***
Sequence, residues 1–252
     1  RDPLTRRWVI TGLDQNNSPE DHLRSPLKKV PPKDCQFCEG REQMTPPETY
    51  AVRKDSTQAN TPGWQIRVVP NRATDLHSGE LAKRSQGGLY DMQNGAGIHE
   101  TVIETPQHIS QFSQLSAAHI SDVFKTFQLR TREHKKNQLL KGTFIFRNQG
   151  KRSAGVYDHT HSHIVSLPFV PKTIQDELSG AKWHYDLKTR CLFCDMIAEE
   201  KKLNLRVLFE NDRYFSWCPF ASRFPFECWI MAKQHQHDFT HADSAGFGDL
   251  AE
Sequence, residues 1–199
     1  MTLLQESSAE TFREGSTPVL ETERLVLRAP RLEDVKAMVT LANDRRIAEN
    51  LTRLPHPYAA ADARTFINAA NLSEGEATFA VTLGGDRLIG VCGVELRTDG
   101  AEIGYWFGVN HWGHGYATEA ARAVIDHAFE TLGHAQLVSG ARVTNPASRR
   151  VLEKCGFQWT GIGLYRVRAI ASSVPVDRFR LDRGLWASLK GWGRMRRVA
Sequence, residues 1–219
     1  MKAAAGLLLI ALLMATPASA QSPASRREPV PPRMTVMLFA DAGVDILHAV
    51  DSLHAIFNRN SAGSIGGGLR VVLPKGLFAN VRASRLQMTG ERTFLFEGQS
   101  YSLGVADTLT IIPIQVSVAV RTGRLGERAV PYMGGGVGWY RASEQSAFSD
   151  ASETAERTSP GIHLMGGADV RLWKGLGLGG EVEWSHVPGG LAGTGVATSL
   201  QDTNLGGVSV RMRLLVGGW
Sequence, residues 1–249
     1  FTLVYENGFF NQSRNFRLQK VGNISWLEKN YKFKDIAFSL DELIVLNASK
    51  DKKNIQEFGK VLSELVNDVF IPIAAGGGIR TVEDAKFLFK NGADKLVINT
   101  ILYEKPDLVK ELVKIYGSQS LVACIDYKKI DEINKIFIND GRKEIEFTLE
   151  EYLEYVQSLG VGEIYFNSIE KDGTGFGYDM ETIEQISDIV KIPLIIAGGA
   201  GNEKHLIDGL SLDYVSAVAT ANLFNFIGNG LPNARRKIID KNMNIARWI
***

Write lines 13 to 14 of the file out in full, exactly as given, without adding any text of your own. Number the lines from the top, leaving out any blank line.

Sequence, residues 1–219
     1  MKAAAGLLLI ALLMATPASA QSPASRREPV PPRMTVMLFA DAGVDILHAV